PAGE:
Connecting to nature has become such an important aspect of my life. The older I grow the more I come to realise the importance of it. It helps me get grounded. It stimulates my senses. So, I took a quick break from the city to visit Herb Nepal to get to know more about agriculture in Nepal and herbal processing. Especially after writing my last post on Natural Wellness this all came about in perfect timing. The work that this company is doing is remarkable and benefits so many people directly and indirectly and I also got to learn so much.


My stay at Herb Nepal was exactly what the doctor ordered! I was completely soaked in as though falling into your mothers embrace as a child. Their farm and farm stays are surrounded by lush forest enjoying nature’s own sounds, smells and sights. With no Internet connection and no phone reception, it was the perfect time for me to connect with nature and myself.

Herb-Nepal-eco-farmGreeted by Herb Nepal’s management team (Sudeep, Mandira and Drona) and co-founder Ben, we sat together over freshly picked lemongrass tea. Only 4 years old, the farm is spread over 20 ropani (that’s something over 10,000 m2!) and has two gorgeous cabins for guests. They are built using rammed earth – literally a mixture of water, soil, sandy soil or stone dust and a bit of cement compressed by ramming – making it a sustainable, eco-friendly and earthquake resistant structure. It also somewhat mimics the way traditional Nepali houses were built.

Herb Nepal | A Sustainable & Ethical Business Model

Ben explained how Herb Nepal is based on a 3-pillar business model: training centre, herbal products and farm stays. The organisation has trained over 60 farmers in organic farming, permaculture and herb processing, and currently employs 10 local staff in hospitality, farmer trainers and farming.

Herb Nepal is actually a for-profit based in Nepal but unlike a traditional business that looks at their bottom line, they measure business performance based on a triple bottom line – social, environmental and financial. The social and environmental impact is a core measure of what they do. The organisation’s income comes from these three revenues so they don’t have to rely on donor funding. Income is reinvested into the farmer-training programme to maximise impact and ensure continued success.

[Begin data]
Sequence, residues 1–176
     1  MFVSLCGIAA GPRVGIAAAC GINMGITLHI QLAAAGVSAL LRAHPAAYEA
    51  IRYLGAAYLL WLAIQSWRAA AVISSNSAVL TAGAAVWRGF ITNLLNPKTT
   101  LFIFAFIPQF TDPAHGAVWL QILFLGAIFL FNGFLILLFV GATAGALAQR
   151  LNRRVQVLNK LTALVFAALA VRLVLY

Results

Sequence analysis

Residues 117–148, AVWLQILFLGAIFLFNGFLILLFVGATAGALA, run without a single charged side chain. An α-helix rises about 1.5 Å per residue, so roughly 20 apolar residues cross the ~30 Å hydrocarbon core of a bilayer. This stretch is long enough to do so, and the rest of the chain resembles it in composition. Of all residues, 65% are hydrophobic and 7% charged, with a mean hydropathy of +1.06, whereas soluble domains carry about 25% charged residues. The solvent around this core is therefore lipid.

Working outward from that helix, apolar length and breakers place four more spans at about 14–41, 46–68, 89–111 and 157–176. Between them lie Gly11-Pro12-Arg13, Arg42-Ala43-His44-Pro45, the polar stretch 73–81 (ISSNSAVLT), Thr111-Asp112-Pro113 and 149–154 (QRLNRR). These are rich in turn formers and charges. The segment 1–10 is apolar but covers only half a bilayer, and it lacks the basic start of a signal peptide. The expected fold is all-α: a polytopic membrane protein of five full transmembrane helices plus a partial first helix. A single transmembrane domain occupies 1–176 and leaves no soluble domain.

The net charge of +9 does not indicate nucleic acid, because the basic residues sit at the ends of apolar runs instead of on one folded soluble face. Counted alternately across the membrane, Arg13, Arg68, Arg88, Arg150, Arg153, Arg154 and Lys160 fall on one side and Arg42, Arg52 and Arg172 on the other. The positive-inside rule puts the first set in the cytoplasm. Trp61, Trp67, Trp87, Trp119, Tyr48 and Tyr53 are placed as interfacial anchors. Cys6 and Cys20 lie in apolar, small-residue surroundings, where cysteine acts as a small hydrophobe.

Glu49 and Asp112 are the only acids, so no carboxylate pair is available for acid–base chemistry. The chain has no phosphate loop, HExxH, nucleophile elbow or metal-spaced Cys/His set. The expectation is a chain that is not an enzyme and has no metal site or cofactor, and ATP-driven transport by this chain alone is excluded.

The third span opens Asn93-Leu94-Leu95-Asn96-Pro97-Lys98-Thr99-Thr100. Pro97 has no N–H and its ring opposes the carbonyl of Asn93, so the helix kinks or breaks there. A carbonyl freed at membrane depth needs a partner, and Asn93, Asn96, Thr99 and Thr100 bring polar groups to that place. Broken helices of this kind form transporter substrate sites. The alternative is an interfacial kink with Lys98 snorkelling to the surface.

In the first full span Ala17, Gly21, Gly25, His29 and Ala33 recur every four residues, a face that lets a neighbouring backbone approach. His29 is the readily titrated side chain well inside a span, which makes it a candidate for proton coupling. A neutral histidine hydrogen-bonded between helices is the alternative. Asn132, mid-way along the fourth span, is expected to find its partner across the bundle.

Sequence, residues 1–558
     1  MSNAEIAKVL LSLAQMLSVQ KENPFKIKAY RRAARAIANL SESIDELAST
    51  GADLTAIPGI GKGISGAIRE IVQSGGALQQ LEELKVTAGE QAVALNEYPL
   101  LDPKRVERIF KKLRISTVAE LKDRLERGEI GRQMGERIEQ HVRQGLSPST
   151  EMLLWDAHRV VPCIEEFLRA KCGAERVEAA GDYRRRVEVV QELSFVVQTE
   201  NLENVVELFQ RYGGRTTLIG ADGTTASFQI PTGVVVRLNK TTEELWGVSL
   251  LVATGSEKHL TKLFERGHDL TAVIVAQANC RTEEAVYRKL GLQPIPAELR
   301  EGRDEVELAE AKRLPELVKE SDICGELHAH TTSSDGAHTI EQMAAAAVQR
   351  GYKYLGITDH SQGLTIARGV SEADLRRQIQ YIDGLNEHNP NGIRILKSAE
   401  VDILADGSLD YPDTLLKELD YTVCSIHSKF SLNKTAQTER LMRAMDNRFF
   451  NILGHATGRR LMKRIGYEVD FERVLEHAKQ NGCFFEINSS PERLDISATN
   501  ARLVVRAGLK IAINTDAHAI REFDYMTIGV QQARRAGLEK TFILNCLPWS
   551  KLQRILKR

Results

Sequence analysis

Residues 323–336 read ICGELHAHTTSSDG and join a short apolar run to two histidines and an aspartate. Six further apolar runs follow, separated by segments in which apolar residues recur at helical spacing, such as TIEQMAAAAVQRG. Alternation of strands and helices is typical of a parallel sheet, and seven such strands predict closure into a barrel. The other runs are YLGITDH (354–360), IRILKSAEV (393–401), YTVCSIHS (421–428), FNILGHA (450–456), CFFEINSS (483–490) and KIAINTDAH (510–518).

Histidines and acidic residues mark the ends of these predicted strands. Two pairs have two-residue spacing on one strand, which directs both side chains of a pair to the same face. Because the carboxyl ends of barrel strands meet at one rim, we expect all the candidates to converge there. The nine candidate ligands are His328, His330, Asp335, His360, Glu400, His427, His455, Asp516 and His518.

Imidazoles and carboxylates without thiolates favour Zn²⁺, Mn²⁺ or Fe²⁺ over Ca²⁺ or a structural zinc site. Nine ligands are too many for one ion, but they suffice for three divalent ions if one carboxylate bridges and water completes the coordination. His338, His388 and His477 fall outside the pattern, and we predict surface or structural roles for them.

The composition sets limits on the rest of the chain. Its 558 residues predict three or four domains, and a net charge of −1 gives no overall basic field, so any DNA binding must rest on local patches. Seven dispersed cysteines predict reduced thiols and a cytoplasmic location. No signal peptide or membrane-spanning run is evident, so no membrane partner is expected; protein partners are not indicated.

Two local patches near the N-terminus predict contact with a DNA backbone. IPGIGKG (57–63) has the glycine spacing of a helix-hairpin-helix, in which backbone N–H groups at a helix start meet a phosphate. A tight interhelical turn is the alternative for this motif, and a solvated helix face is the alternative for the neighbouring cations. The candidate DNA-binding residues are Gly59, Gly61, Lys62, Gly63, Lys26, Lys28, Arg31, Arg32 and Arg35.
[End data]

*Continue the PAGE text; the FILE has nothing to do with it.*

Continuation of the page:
“We aim to get our products into hotels in Nepal. So, tourists coming to Nepal use products that contain organic herbs grown by Nepalese farmers, which incentivise farmers to grow organically and benefit Nepal in the long-run. Currently, chemically-produced products are imported from other countries rather than using superior products available locally.”

Simone Alexander, Co-Founder, Herb Nepal

Farmer Training

This year, the training will be rolled out to other local trainers with the aim to reach thousands of farmers over the next two years. The aim is to provide access to an alternative to conventional, chemical farming; transitioning to organic and sustainable land-use techniques instead. Through this, Herb Nepal is also able to scale up their herbal products business and provide farmers with a growing market for their produce.

Herbal Products

Herb-Nepal-eco-farmEach of the wooden, cosy cabins is equipped with Koseli products made by Herb Nepal. No water is wasted; everything goes back to the gardens, therefore imperative that your water waste remains organic and feeds back to the earth.

Koseli, the brand name given to the herbal products, means ‘gift’ in Nepali. This is exactly what these products are, gifts from farmers across Nepal. Koseli’s product range includes Aloe Vera Shampoo bar, Watercress and Equisetum Conditioning bar, Lemongrass Body Bars, Neem Body bars, Nettle and Spearmint body bars and has recently launched men’s shaving and beard bars.

Farm Stay Activities